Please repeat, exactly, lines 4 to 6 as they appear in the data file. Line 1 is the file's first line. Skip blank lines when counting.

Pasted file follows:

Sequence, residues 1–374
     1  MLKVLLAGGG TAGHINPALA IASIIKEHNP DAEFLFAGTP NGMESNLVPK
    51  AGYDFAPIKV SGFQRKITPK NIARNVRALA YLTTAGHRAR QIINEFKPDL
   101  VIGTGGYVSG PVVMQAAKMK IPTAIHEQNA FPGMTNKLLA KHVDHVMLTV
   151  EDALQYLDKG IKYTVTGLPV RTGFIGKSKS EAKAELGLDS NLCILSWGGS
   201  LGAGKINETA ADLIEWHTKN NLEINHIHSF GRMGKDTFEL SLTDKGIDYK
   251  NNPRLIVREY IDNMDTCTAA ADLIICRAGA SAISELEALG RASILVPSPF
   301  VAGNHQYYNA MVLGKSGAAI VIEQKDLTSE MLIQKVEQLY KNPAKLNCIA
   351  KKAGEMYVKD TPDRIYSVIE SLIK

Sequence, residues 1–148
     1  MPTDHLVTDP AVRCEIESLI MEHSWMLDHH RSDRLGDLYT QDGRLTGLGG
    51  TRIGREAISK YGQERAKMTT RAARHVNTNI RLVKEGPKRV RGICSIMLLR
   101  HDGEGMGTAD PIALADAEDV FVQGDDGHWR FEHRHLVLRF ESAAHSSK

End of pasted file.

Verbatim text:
   101  VIGTGGYVSG PVVMQAAKMK IPTAIHEQNA FPGMTNKLLA KHVDHVMLTV
   151  EDALQYLDKG IKYTVTGLPV RTGFIGKSKS EAKAELGLDS NLCILSWGGS
   201  LGAGKINETA ADLIEWHTKN NLEINHIHSF GRMGKDTFEL SLTDKGIDYK